Why the British international trade minister came to the Brazos Valley instead of D.C.
On Thursday, the British Minister for International Trade Conor Burns visited the Brazos Valley to create trade relationships in the area.
News 3’s Kathleen Witte sat down with Minister Burns at the George Bush Presidential Library and Museum for a conversation on his trade goals during this Texas trip.
Minister, why are you in Texas?
I’m in Texas for a very simple reason. Something really important happened in the United Kingdom last Friday evening at 11 p.m. GMT: the United Kingdom left the European Union. I was in Downing Street with Prime Minister Boris Johnson and some other ministers and friends, and the prime minister made the point that that moment marks the beginning of a new beginning. It marks a chance for the United Kingdom to look beyond the European Union for trading partners, to rekindle old friendships. The United States is our number one ambition, alongside the EU, to do a future free trade agreement. I could’ve come to Washington or New York or California—the traditional go-to destinations—but Texas, if it were a country in its own right, would be the tenth-largest economy in the world. I wanted to come to somewhere where there’s great synergy between UK companies and Texans companies to show that we are reaching out as we leave the European Union, not retreating into ourselves. I could think of no better place to start that journey and send that signal than here in the great state of Texas.
What do you picture a trade relationship between the UK and perhaps Texas looking like?
Well, we want to do the free trade agreement with the whole US.
Of course, but what can Texas bring you?
There is a whole lot of stuff that you can do on a state level to make market access easier. This is historically known as the oil and gas state, but actually, increasingly, it’s the energy state. If you look at any of the companies here, what they’re doing on renewables, on wind, on solar—that’s where we see the future as well. We see great opportunities to connect there. We see opportunities to do things together in tech, in agri-tech, in space; I was at NASA yesterday and they’re looking for international partners in some of their future development programs. So I think there’s a huge range of things that we can cooperate, collaborate on together, to the benefit of both our citizens and our mutual prosperity.
A lot has been made of this 11-month window for the UK to get trade deals done or figure out exactly its trade relationship with the rest of the world. How confident are you, after this trip, that you can get that trade relationship set with the US.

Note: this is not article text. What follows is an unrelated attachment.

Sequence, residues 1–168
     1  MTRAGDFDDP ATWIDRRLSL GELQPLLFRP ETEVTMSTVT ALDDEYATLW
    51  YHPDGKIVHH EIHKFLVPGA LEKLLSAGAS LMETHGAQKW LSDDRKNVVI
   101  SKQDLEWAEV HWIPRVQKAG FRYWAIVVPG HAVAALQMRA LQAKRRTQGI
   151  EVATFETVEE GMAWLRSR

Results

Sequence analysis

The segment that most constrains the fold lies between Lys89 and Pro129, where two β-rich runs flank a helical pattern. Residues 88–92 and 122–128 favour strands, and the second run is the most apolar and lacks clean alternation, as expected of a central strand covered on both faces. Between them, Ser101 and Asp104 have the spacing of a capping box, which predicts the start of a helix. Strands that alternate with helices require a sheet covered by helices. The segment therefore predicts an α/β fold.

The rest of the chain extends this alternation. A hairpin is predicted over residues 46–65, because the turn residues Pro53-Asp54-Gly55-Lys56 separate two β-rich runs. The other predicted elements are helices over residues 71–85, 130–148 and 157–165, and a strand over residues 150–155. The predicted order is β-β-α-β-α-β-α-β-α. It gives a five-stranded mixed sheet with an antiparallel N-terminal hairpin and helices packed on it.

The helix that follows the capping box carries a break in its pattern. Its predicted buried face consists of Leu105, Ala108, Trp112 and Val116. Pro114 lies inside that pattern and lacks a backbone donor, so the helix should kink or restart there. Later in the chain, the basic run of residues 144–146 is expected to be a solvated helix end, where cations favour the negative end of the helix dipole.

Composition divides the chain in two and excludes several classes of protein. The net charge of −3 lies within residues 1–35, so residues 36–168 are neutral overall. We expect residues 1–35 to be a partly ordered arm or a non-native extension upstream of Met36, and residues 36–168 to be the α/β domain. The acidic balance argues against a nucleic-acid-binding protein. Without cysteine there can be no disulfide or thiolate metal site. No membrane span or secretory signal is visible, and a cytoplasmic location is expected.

What I feel here is what I’d hoped to feel here and what I’d expected to feel here, which is an enormous sense of interest, of goodwill and of ambition. With the state of Texas, what we can do together—look, free trade agreements can take a long time to do, but if there is political will on both sides, they can be done quite quickly. We said we want to do a deal this year with the United States. The president has said that’s his ambition too. We’ve published it through a written ministerial statement only this week—the terms, the mandate that we have for the negotiation, with the US and we want to get down to business. We want to start talking with a view to signing.
Is there any concern that we may have a different president in a year?
Look, we deal with whatever the American people deliver to the American government. We deal with the presidency. We deal with the American government. [It’s the] same way that you deal with us; you deal with whatever the party or the public put into 10 Downing Street. I think the free trade agreement between the United States and the United Kingdom makes great sense whoever is in the White House and whoever is the president.
That said, specifically this president, has been rather aggressive on trade deals and making trade negotiations. Does that give you any confidence—or pause?
The president has said he wants a comprehensive free trade agreement with the United Kingdom and that he wants it this year. That is the message that he has conveyed to Prime Minister Boris Johnson. That’s the message Sec.[Robert] Lighthizer [the US trade repsentative] has conveyed to our secretary of state. That’s the message your ambassador [Robert Wood Johnson] to the Court of St. James in London conveyed to me. That’s the message I’m hearing here. Let’s start talking. Let’s start negotiating. Let’s see what we can do.
Feels like you’re all starting on the same page.
We’re starting on the same page. Whether we end on the same page is a different story, but we are starting with a common objective—a common objective, political will, crucially goodwill, and a shared ambition as to how this can be in the interest of both our peoples.